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3×5 Leadership Blog Note: This post’s author, Jason, was my third executive officer (XO) while I was in company command. He is a good friend and a professional I highly respect. In being the third XO during my command, Jason’s priorities were not on establishing new and robust unit systems; all of our management systems were in place for the most part. This provided him a rare opportunity to look beyond an XO’s daily “close fight” and pay attention to much larger-scope initiatives. Combining this opportunity with Jason’s professional maturity, high intellect, and passion for transformational leadership, he created the below list for other Lieutenant peers. I was immensely impressed with Jason’s reflections and feel many junior leaders can learn from them.  

By Jason Hu

As I neared the completion of my time as an executive officer and began preparing my replacement to assume responsibility; I wanted to summarize the principles I learned and tried to embody on a daily basis as a junior Army leader. When Josh was my commander, I learned and grew so much, and one of the things he indoctrinated in me was to “always leave the organization better than how you found it”. With that, I decided to write some of the tenets that guided me and publish them to other junior leaders within our company and battalion. Although these tenets are aimed towards junior leaders such as the XO, platoon leaders, and platoon-level NCOs, the extrapolated lessons can be applied to leaders in most echelons. I do not think these reflections are a proven recipe for success, but they do serve as a solid foundation to build upon; they worked for me, and they can be helpful to others too.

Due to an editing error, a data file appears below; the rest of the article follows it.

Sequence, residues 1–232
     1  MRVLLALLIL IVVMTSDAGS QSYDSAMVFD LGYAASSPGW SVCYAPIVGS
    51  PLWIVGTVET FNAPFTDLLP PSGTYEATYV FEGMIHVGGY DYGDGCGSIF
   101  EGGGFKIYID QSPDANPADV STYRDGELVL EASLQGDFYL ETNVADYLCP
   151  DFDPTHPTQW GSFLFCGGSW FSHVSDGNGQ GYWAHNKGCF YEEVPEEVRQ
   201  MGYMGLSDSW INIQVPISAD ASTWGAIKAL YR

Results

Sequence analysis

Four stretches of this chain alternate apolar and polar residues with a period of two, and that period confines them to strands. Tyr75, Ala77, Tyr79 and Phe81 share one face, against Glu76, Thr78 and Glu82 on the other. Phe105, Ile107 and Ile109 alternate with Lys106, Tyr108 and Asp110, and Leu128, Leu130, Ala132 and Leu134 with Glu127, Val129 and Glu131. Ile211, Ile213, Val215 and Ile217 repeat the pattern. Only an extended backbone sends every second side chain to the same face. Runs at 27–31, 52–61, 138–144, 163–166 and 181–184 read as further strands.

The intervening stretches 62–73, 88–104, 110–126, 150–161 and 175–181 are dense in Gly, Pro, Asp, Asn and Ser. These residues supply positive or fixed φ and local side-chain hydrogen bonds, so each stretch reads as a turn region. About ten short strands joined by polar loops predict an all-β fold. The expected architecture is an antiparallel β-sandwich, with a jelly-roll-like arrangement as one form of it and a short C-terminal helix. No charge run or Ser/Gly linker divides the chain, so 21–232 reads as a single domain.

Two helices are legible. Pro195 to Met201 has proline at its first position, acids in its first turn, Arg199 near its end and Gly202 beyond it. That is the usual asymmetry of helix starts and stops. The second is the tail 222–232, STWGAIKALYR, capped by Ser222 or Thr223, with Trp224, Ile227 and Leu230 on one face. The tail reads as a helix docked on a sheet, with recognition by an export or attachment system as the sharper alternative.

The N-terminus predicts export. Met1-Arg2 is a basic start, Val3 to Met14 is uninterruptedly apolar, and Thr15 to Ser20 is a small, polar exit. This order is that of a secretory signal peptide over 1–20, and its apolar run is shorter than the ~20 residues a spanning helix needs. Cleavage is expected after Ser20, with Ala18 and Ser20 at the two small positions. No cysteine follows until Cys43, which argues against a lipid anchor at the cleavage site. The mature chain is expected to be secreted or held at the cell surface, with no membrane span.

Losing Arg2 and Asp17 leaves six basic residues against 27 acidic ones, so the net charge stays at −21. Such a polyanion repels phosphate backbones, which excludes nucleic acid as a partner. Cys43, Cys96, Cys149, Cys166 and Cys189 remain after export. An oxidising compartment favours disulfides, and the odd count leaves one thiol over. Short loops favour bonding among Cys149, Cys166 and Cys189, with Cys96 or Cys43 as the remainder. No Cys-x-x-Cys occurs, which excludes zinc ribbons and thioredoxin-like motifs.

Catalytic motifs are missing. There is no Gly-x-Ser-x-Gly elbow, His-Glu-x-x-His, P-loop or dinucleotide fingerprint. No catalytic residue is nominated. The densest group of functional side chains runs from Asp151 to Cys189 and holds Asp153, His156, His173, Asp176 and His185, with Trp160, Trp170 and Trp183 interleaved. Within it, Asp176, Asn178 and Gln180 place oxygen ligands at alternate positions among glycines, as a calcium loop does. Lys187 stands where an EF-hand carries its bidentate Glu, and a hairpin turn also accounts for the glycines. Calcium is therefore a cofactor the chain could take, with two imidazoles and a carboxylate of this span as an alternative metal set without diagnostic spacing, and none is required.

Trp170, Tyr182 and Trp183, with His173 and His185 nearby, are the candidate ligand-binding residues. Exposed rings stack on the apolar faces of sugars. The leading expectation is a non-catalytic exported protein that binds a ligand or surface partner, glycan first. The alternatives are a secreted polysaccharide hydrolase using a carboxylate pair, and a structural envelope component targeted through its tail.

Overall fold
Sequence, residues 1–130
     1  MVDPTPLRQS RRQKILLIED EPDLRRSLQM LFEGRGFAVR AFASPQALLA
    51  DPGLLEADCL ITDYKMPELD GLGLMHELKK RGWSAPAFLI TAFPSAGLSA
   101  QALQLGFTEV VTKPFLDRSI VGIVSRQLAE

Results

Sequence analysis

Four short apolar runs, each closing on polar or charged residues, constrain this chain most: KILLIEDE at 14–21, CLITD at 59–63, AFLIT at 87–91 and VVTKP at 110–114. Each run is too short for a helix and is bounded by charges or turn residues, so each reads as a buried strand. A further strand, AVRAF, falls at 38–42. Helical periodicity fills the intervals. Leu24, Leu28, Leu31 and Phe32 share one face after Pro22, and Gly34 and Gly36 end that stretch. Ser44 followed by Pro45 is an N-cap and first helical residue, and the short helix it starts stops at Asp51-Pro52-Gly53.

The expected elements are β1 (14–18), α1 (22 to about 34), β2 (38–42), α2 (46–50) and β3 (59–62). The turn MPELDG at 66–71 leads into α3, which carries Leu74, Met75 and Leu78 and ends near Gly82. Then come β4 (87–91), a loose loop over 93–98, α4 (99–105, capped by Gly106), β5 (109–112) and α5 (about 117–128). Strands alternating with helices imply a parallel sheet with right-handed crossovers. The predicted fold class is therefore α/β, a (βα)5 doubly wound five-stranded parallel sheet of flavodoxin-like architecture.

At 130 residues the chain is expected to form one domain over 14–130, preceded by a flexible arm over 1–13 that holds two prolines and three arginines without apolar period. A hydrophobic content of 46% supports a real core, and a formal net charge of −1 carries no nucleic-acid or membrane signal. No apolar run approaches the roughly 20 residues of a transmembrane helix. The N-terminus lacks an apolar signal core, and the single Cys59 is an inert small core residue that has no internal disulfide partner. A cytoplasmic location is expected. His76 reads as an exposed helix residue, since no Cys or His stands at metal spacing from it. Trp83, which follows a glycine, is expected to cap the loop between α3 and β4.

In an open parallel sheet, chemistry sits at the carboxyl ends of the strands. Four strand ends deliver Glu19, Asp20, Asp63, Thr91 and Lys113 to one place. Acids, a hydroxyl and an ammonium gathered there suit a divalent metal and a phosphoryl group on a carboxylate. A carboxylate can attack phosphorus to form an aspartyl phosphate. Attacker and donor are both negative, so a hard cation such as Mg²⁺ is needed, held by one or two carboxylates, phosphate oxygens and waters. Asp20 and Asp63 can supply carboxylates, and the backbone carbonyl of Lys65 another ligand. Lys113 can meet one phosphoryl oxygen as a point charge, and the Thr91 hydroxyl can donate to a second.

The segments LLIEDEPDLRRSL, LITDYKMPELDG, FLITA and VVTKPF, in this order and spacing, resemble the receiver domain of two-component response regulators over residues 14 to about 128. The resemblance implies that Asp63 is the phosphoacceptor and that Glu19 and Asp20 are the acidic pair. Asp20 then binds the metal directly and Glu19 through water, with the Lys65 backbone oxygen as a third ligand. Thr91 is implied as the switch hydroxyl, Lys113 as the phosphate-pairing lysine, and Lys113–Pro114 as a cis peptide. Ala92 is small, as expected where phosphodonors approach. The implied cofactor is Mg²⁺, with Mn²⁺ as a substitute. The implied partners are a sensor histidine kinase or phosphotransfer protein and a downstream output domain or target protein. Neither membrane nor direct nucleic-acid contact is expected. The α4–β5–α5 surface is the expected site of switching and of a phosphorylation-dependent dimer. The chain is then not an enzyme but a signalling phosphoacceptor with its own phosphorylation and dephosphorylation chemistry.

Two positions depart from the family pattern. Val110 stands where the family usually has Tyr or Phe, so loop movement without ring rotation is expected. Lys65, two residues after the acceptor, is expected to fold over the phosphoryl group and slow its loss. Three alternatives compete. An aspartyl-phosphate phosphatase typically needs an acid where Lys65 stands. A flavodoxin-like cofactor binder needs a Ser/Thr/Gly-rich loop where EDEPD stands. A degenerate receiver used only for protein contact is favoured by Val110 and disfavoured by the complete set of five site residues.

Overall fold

Understand the micro AND the macro. There is always a bigger picture. Oftentimes as a squad leader, platoon leader, or XO you will be given tasks or missions that may seem pointless or detrimental to yourself and your subordinates. Try to understand and see the perspective from your higher headquarters; you still might not like the outcome but at least it will give the unfortunate task meaning.

Ask yourself: what are the second and third order effects? Every action has a reaction. As a leader, you must look for and anticipate the logistical, administrative, and real-world actions that must be taken in order for a certain task to be accomplished or intent to be met.

Time and space. If you know operationally and tactically what is happening on the battlefield through time and space, you will have a clear understanding of your subordinate units, adjacent units, and higher headquarters. This allows initiative and action when missions inevitably do not go according to plan.

You are entitled to absolutely nothing. There’s a reason you were chosen to be in the leadership position you hold. Everything you do should ultimately be to the benefit of your Soldiers. You should, and will, work harder and longer than your subordinates; they deserve 100% of your efforts. Never expect praise or special treatment; being selected to lead others is already an enormous privilege in itself.